It may be cliché, but there’s a good reason organisations ask their employees, “Where do you see yourself in five years?” Setting goals is the key to workplace success, and goal-setting frameworks like OKRs and SMART goals have proven powerful tools in business time and time again.
In this article, we’ll explain why goals are so important for success and how to set effective and measurable goals within your organisation. But first — the basics.
The Merriam Webster dictionary defines a goal as an area or object toward which players in various games attempt to advance a ball or puck. In a non-sporting context, the definition remains much the same.
Put simply, goals are targets that an individual or organisation works toward. They can be big-picture or particular. Ambitious and long-term or immediate and short-term. They can be based on self-improvement, career, money, family and most relevantly — business.
Let’s focus on business and organisational goals. A business goal is best described as the result board members, executives, team leads, employees and even interns want to achieve at work. Whether never-ending or day-to-day, they’re essential to driving an organisation forward.
Researches Locke and Latham’s famous Goal Setting Theory suggests that the simple act of goal setting is an essential part of achieving the said goal. Their theory relies on the fact that human behaviour is purposeful and therefore creating a purpose will inspire action.
On that note, let’s jump into some goal setting foundations.
From OKRs to KPIs, there’s certainly no shortage of goal-setting techniques. And while there may be many ways of getting there, the goal remains the same: business development. Here are some basic steps to get you started on your goal setting journey.
It’s as straightforward as it sounds. To define your goals, simply consider what you want to achieve. A pet grooming business may want more animals in and out of the door, whereas an insurance company may be looking to improve call centre conversions. It’s OK to be broad here — this is just the beginning.
What are the SMART goals? It stands for Specific, Measurable, Achievable, Realistic and Time-bound. This is where you take your general goals and add specificity into the mix. For example, the goal "generate revenue" isn't specific, so it's difficult to action. Instead, it’s more approachable to make your goals SMART, e.g. "Increase sales by 30% this quarter."
As mentioned, specificity is key. Divide your ambitious goal into smaller, attainable goals. Rather than worrying about the daunting scope of the project, focus on smaller, more doable tasks.
Once you’ve set your goals, it’s time to start smashing them. Don’t worry, it’s not as scary as it sounds. Simply setting goals is pointless unless you’ve got a plan to accomplish them. Here’s a three-step guide to following through.
Deadlines aren’t just for students and journalists. They’re used across all areas of business as a clear indicator of expectations and progress. Deadlines encourage employees to improve their resource management skills,
A pat on the back from your boss is great motivation, but nothing beats the satisfaction of productivity and working toward your goals. To some, self-motivation looks like acknowledging progress and working toward fulfilling goals. To others, it’s sticky notes with “You can do this!” written on them. Whatever works for you is great.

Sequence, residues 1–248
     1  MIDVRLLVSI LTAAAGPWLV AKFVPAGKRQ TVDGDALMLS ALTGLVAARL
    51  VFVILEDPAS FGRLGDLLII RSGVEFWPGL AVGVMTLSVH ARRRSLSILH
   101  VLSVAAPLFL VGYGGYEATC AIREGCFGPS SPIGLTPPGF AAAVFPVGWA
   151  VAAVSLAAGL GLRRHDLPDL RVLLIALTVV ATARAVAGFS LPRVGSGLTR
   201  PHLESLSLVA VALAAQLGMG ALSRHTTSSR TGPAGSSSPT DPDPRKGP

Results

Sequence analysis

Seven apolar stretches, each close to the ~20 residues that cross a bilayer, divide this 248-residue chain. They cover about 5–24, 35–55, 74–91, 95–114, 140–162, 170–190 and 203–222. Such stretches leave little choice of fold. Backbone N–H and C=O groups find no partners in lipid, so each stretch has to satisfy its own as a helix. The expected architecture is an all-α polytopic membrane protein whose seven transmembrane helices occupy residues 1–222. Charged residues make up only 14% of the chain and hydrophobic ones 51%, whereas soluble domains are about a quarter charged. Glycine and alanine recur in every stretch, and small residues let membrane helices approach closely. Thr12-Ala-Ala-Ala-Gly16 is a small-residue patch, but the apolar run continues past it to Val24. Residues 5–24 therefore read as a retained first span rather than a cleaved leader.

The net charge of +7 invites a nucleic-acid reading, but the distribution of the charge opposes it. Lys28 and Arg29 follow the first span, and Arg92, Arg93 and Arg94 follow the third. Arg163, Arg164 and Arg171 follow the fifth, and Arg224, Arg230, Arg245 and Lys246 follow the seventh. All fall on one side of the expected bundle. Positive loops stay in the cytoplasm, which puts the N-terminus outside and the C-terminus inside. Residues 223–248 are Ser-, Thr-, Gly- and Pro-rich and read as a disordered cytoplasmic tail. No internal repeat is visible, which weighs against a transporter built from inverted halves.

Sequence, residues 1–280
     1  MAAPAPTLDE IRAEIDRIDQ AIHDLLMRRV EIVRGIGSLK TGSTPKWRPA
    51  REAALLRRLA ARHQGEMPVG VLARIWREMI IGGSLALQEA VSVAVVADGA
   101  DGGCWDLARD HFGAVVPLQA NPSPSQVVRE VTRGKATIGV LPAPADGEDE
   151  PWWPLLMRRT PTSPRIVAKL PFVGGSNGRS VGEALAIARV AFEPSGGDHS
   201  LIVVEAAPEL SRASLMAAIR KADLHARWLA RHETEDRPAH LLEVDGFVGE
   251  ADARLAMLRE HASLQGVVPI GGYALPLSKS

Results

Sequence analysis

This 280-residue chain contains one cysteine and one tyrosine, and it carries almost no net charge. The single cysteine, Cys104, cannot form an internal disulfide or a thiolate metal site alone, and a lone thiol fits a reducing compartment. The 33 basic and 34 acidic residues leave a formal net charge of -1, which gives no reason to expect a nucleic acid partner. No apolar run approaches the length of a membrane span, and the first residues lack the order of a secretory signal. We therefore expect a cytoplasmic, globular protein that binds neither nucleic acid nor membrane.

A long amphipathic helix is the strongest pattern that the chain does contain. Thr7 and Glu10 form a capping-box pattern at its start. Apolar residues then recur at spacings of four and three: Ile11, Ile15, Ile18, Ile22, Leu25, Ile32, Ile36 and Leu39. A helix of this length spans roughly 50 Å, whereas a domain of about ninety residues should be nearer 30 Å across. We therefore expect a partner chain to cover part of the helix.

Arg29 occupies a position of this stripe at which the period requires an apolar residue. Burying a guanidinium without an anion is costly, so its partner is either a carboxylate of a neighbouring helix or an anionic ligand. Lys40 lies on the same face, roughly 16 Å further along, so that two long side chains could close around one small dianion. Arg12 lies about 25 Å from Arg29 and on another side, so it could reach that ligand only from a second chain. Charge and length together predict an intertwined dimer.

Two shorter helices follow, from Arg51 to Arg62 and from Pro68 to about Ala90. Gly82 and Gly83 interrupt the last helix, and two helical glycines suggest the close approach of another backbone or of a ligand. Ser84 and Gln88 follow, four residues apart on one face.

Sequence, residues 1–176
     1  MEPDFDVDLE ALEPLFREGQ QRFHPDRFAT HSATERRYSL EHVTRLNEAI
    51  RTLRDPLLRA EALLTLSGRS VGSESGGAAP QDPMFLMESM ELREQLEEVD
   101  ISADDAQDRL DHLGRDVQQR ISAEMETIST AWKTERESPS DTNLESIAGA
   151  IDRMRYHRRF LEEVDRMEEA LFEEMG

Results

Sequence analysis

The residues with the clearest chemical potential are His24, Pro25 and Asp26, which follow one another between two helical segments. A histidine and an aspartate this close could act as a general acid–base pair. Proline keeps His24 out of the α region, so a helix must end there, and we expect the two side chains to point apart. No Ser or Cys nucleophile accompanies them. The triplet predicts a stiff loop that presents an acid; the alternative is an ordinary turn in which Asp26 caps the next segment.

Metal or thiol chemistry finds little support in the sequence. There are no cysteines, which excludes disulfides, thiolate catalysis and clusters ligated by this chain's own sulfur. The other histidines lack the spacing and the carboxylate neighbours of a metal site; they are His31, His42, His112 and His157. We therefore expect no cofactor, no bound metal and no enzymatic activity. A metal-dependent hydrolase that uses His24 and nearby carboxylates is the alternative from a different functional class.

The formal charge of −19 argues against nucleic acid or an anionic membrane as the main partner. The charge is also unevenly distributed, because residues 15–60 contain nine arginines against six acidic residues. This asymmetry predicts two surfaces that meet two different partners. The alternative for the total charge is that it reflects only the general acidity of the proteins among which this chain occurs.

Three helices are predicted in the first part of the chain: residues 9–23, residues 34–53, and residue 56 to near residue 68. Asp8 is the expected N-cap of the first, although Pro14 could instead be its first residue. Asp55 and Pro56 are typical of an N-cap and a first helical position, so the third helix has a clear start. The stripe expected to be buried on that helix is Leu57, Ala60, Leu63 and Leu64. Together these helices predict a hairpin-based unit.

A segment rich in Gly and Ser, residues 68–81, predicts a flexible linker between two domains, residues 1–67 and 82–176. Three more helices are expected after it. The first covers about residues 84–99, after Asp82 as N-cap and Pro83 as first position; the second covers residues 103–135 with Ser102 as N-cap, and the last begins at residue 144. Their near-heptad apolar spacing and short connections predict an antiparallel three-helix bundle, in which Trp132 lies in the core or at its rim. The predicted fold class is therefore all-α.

Ignoring your goals is like paying for an unused gym membership: unproductive and financially detrimental. Goals need regular attention and review to ensure they’re still serving your needs. Weekly (or more frequent) check-ins allow you to track the progress of your goals and reward productivity.
There’s a whole wide world of goals out there — and we’re not even counting getting rich or travelling the world. In business, knowing which kinds of goals to set will give you clarity on what you want to achieve and how to get there. Broadly speaking, organisational goals can be broken up into three categories:
Consider business goals the umbrella for all other organisational goals. They shape how long- and short-term goals are set. Business goals tend to be aspirational, driving an organisation toward a certain objective.
Example: Increase market share.
Performance goals are short-term, actionable objectives driven by the company's goals. They’re directly tied to the job's responsibilities, linking personal accomplishments to the organisation’s goals. Good performance goals should be measurable.
Example: Finalise the marketing campaign by November 1.
Development goals are designed for the professional development of an employee within the company's interests. The benefits are two-fold; development goals allow individuals to advance in their careers and organisations to gain from an empolyee’s upskills.
Example: Improve my time management skills.
Alignment is the key word here. What’s the easiest way to improve visibility in your organisation? The answer is Tability. With an easy-to-use platform like Tability, goals sit in one place and by using the Strategy Map, you can see what every team in the company is working on.
But visibility doesn’t always mean alignment. The OKRs framework allows for a dynamic approach to goal setting, where every department can set autonomous goals that are inherently collaborative. How? By using Aligning OKRs.
In a traditional top-down approach, SMART objectives (Key Results) flow downwards to become the level below's wider goals (Objectives). It’s ineffective because it assumes the original strategy is perfect, and when it’s not, it renders every OKRs trickling down useless. Aligning OKRs ensure each team is working on achieving top-level OKRs first, while empowering them to work more creatively and productively.
Begin setting better, more aligned goals today with a free trial of Tability.